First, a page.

rock shows at IX and
Berea Fairgrounds really shine
By Charles Cassady
Published April 27, 2005
evidence that Cleveland is worthy of a rock hall of fame? You need
look no further than the I-X Center from May 6-8. Or the Cuyahoga
County Fairgrounds in Berea May 21-22. There will be rock shows
like you won't believe. No music, but still rock shows.
are, in fact, when popular spring gem and mineral shows come to
town, displaying to the public splendid examples of polished and
rough stones, crystals, fossils, pearls, and sea shells. "Anything
that comes out of the earth," said Bea Jordan, of the Parma Lapidary
Club, the organization behind the Berea event.
"The gem show
at the Berea fairgrounds is being put on completely by volunteers
of the lapidary club..." she said. "We're just amateurs, but we
have some very beautiful artists, that do very beautiful work."
the extrava-gemza at the I-X Center is national in scope, featuring
touring dealers with everything from diamonds and engagment rings
to coral and fossilized trilobites.
not working for the Lapidary Club, can often be found at Rocks'n'Chips,
on 7952 Lorain Ave. in Cleveland, the area motherload for rock hounds.
Here can be found agates, geodes, jade, amethyst, gypsum and varieties
of quartz. Stones can be found both rough and polished in rock tumblers,
a careful smoothing process of several weeks with finer and finer
grit, that brings out the glorious colors in certain minerals, which
can then be admired in and of themselves, or be strung into beads
or worked with silver and gold into jewelry or other crafts.
really likes to go out and hunt for these stones," said Jordan.
"He brings them home and he plays with them. And what else do you
do with them? Well, they like to go to craft shows. So they make
jewelry and sell what they made, and that is a hobby that pays for
itself. You don't make a lot of money, but it pays for itself, and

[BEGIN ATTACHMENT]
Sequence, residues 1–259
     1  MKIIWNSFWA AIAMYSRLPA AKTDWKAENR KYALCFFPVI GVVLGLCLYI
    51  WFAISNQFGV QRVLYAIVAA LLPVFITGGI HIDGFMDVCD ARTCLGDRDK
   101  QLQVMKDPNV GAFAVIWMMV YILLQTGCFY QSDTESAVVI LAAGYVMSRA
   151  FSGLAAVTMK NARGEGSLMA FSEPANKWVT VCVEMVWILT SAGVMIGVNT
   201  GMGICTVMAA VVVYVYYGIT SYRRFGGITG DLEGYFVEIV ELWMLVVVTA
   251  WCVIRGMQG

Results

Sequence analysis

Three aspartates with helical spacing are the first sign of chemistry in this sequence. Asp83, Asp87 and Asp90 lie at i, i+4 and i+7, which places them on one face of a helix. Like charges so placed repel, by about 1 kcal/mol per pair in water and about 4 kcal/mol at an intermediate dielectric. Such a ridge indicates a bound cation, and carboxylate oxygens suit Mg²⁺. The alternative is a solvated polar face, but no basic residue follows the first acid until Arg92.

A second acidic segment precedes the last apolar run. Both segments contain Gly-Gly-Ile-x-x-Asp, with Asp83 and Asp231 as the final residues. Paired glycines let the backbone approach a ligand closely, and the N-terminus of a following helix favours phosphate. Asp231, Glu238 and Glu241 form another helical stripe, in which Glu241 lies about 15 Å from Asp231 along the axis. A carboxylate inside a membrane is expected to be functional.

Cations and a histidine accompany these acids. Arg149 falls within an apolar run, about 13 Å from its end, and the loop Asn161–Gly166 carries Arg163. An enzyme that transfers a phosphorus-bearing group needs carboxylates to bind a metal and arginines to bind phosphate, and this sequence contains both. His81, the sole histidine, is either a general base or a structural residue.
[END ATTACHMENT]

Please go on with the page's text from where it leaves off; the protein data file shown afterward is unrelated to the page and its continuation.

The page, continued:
good, however, was when gold prices in particular rose precipitously
in the 1970s, putting the ore out of reach of many casual crafters.
Some other lapidary shops in this area closed down as a result,
said Jordan, but Rocks'n'Chips has survived.
she said, patronage at the gem shows has remained constant - solid
as a rock, you might say. In fact, she's surprised interest hasn't
risen in the durable pastime, which is family-friendly and educational.
come in. School groups come in. And we do have the Brunswick High
School group that helps us. They will have a series of tables there;
they will cut geodes and earn money for their rock-hounding trips."
What is favorite
regional rock-hound destination, the place that deserves the title
rock city? For Bea Jordan, it's Herkimer, N.Y., where limestone
deposits millions of years ago, long before the dinosaurs, formed
a type of fine quartz called Herkimer diamond. The Parma Lapidary
Club has gone on occasional trips to quarry fine specimens in and
around Herkimer, and the locality's lapidary shops and a "Petrified
Creatures Museum" vie for the attentions of rock-minded tourists.
But what about
local industry? "There are stones in Ohio - there's some calcite
- but our big stone, the stone for the state of Ohio, is called
flint. We go down and mine it in Flint Ridge, which is around the
Zanesville/Newark area. There is a whole ridge of flint there...The
flint there is of a very hard, very good quality. And the Indians
from the neighboring states would come around to the Ohio flint
ridge and barter for that flint, because it makes a really good
She said Ohio
flint arrowheads will be on display and for sale at her club's fairgrounds
show, where at least 22 out-of-down dealers have registered so far
for the traditional third weekend in May. In addition there will
be a special guest attraction. The Parma Lapidary Club is guest-hosting
a life-size replica dinosaur skull of the resident Tyrannosaurus
Rex specimen (nicknamed `Sue') on loan the Field Museum of Chicago.
In past Parma Lapidary shows the VIPs have included NASA moon rocks.
This year, said Jordan, they thought they'd do something a little
different with Sue.
there will be three prize drawings, one for a finished necklace,
one for a fossil (not Sue), and one for a prime rock specimen. For
more information on the Parma Lapidary Club and its show, phone
(216) 398-4841; dealer information, phone (216) 381-9003. For more
on the I-X Center show, prospect online at www.intergem.net.
Rocks'n'Chips can be phoned at (216) 281-0624.
As they say
in that other rock field, dig, baby, dig.